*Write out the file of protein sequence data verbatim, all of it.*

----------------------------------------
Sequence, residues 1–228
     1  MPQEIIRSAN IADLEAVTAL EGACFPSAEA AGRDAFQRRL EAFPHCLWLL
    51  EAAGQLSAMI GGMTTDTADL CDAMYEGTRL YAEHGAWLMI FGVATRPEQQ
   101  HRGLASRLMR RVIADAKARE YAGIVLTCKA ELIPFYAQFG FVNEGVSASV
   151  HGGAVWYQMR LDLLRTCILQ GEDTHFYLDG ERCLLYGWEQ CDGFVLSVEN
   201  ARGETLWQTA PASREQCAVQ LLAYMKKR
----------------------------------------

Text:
Sequence, residues 1–228
     1  MPQEIIRSAN IADLEAVTAL EGACFPSAEA AGRDAFQRRL EAFPHCLWLL
    51  EAAGQLSAMI GGMTTDTADL CDAMYEGTRL YAEHGAWLMI FGVATRPEQQ
   101  HRGLASRLMR RVIADAKARE YAGIVLTCKA ELIPFYAQFG FVNEGVSASV
   151  HGGAVWYQMR LDLLRTCILQ GEDTHFYLDG ERCLLYGWEQ CDGFVLSVEN
   201  ARGETLWQTA PASREQCAVQ LLAYMKKR